Scotty Stevenson pays tribute to the charm of the Heritage Hotel and the All Black team announcement.
So familiar now, those halls and doors; the flickering lights and the dated beige. So many times they have all walked the wooden steps down to the team room, or marched across the old floorboards that lead from the tower block to the lobby, and out into the scruffy private lane where Grunta waits with the team bus.
Not all of them, though. For Jordan Taufua, the corridors of the Heritage Hotel are yet to be fully explored. He’s one of the new ones – Shannon Frizzell and Te Toiroa Tahuriorangi the others – the freshly minted All Blacks for whom this Auckland landmark remains a novelty: a destination for the dreams of their yesterdays which today became reality.
The modern greats have all called this place home, from time to time, or for too long depending on the mood. This is where Dan Carter slept in desolation after his early exit from the Rugby World Cup in 2011. It’s where four years later he sat by the pool and pondered what it would mean to him to play in the next final. He did play in the final that year. And he won. This is where Piri Weepu kept calm and carried on and put his mattresses on the floor. This is where Keven Mealamu kicked everyone’s ass at Madden. This is where McCaw made notes and stared out the window. This is where Hore and Woodcock drank their six-packs on Thursday nights.
I think of how many nights and days the veterans have spent in this place, it’s northern rooms with harbour views, the buffet in the atrium, the city at the doorstep. The old stagers know all the shortcuts through busy kitchens and up and down the service lifts. They’ll show the new boys how to get around the place. No singlets at breakfast. Don’t be late to meetings.
They’ll live here two to a room, except the captain. A new captain was named today. Kieran Read will not spend his days here next month. Fortunately Sam Whitelock knows this place like the back of a lineout. He’ll sit about in the Grand Tea Room, which is now the Grand Team Room, its wooden floors covered in carpet the colour of tobacco phlegm.
They all grow tired of the place eventually, but they all love it at first. Jordan Taufua walked into the team announcement this morning with a smile that could light a candle in a blizzard. The night before, his Super Rugby coach, Scott Robertson, had announced to him and the Crusaders team that he had been selected for the All Blacks. He led the team song after that, and its victory chant echoed in the bowels of Eden Park.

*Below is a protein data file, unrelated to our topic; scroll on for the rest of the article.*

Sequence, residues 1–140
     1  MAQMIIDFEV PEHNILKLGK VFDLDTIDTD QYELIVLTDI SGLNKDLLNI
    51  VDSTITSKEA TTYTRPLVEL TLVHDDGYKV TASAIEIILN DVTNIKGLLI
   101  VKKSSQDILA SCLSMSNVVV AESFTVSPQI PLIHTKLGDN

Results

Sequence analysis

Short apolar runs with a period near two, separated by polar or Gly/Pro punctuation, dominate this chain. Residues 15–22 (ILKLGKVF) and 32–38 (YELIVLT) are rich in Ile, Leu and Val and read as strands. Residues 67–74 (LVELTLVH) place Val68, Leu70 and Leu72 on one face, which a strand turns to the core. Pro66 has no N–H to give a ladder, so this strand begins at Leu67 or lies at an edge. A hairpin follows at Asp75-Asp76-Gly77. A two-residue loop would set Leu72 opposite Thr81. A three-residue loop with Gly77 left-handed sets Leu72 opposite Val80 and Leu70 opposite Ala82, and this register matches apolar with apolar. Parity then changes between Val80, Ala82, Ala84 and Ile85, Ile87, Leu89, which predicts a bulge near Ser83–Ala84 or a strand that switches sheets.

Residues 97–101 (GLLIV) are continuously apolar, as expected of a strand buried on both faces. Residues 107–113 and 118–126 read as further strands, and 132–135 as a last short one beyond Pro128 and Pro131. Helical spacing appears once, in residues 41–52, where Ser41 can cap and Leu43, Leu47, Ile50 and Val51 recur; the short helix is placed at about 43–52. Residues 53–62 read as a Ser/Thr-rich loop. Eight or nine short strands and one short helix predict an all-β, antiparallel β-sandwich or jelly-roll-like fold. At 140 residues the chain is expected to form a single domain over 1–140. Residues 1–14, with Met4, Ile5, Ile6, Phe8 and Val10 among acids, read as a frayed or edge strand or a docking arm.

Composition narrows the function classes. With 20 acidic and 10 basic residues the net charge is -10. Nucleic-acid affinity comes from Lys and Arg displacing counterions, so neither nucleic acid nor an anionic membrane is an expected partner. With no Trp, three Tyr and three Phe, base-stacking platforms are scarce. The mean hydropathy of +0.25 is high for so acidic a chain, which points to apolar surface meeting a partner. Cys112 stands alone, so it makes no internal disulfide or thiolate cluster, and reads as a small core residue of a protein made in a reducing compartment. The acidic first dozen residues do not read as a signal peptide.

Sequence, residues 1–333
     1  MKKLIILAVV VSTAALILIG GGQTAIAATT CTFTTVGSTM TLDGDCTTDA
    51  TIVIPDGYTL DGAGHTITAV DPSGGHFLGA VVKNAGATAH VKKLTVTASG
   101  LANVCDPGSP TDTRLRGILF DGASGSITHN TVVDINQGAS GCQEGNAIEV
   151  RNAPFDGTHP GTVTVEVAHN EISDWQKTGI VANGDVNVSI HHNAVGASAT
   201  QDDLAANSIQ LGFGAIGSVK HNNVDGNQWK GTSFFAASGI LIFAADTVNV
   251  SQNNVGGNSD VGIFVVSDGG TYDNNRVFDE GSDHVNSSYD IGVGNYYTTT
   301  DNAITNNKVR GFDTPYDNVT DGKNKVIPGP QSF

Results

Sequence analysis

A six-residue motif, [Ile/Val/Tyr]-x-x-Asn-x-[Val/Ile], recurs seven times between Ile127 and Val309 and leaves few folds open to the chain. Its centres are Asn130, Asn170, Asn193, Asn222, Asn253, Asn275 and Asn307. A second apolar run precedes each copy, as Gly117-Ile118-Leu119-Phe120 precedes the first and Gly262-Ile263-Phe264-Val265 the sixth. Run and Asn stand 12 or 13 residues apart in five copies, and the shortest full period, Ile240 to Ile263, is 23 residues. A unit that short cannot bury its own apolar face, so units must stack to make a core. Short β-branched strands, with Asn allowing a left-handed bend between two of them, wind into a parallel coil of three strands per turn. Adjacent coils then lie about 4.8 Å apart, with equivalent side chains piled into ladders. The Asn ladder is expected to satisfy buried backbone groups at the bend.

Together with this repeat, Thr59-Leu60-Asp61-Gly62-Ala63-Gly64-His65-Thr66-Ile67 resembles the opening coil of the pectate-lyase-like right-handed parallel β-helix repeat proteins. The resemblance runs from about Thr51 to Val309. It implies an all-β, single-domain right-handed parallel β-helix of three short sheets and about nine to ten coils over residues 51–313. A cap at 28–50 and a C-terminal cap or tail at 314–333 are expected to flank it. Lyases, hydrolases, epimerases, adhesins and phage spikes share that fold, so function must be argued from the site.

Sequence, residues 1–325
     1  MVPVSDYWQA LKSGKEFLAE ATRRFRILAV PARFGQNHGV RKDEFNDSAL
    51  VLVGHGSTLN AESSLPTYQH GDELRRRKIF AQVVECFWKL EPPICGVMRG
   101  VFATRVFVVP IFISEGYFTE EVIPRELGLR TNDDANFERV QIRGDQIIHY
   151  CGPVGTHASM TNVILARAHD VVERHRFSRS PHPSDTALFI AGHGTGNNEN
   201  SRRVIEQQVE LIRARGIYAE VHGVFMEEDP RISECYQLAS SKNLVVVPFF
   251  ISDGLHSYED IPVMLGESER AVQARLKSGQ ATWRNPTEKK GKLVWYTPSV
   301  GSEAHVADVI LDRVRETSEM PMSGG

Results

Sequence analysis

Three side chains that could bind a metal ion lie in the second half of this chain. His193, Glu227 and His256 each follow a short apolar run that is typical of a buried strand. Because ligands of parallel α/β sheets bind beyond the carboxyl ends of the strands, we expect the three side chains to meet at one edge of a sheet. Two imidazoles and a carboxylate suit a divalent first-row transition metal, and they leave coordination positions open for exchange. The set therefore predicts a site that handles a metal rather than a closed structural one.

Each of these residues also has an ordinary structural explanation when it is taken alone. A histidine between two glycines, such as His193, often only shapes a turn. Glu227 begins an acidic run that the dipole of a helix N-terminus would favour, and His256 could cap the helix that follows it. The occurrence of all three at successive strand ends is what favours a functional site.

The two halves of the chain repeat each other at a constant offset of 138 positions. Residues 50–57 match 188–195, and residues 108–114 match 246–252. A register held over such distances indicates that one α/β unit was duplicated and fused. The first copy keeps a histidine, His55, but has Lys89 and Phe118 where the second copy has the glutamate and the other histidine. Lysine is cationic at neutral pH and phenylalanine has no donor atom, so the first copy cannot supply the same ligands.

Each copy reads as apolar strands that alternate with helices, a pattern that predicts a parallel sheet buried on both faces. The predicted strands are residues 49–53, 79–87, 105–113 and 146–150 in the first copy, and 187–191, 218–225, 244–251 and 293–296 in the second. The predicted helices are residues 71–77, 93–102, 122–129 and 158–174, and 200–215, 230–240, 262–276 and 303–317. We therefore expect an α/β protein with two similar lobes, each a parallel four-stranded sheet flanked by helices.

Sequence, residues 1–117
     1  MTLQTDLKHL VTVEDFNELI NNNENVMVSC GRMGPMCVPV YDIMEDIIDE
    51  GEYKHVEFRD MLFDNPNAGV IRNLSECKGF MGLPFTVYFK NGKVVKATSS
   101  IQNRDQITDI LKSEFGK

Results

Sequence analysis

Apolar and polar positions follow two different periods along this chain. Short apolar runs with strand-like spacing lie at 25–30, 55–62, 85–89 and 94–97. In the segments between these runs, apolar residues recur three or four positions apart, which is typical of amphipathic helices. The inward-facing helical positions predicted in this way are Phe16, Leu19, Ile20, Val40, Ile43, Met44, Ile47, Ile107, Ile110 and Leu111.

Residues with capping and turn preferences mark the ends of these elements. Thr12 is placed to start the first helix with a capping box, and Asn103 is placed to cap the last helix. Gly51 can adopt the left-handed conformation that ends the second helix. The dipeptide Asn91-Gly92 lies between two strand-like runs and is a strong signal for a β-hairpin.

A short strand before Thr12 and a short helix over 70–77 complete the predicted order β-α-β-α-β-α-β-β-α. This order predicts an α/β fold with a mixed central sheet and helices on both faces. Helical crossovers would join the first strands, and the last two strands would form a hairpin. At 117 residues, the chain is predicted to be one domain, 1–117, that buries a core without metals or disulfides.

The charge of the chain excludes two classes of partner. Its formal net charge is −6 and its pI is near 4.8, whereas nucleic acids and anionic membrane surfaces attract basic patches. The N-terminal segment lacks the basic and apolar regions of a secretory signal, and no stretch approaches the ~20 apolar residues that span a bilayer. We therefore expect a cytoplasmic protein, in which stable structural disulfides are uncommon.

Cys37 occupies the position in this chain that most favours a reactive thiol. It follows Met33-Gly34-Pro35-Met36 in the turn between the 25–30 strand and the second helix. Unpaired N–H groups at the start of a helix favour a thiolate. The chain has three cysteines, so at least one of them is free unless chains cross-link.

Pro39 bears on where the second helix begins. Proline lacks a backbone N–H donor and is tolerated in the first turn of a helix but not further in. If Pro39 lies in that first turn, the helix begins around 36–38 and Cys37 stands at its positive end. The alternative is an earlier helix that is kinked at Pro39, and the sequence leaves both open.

To his Crusaders’ teammates, Taufua’s selection is long overdue. No one, they say, has worked harder for it than he has. In interviews, he thanked his parents. On Facebook he thanked everyone for their messages. In person he thanked us for the well wishes. So much gratitude in one human being.
The other players at the announcement had been here before, in the hotel and in front of the cameras, and in their All Blacks media duties polo shirts. They took it all in their stride, as Taufua will do when his feet touch the ground again. I wandered off, down the long corridor. There was Beauden Barrett, barefooted and wondering where the breakfast was. It was downstairs, where the team room used to be, opposite the conference suite, now packed with suitcases and kit, all initialled and official.
Logistics man Jimmy Iverson was arranging the piles and the rows, ticking off the checklists, making everything just so. Jordan Taufua thought he might need to go out and buy some fresh underwear – he had only packed for one night away and now he was here at the hotel and staying another couple. I wasn’t sure if the underwear was supplied or not. Everything else sure seemed to be.
A little later I sat and had coffee with Wyatt Crockett. Today was the first time since 2012 that he has not heard his name read out at an All Blacks announcement. He retired from the international game earlier this year. He had watched the announcement on television, in another hotel just down the road. I asked him if the day felt strange and he agreed that it did.
“But it’s a door that has finally closed,” he said after a brief moment, and with a smile. “The decision to retire felt hypothetical until today. Now it is done. Now it feels real.”
He will miss it a little. The shuffling from room to room, the meetings and the marches and the walks to breakfast and out to the waiting bus, where Grunta will be sitting in the driver’s seat. He will miss the echoes of team nights after wins and the long afternoons in rooms with rain on the windows and kick off still hours away. But he knows Jordan Taufua will love it all. Enough for all of them no longer on the guest list.
“How good?” He asks me, rhetorically.
“How bloody good for Jordy?”
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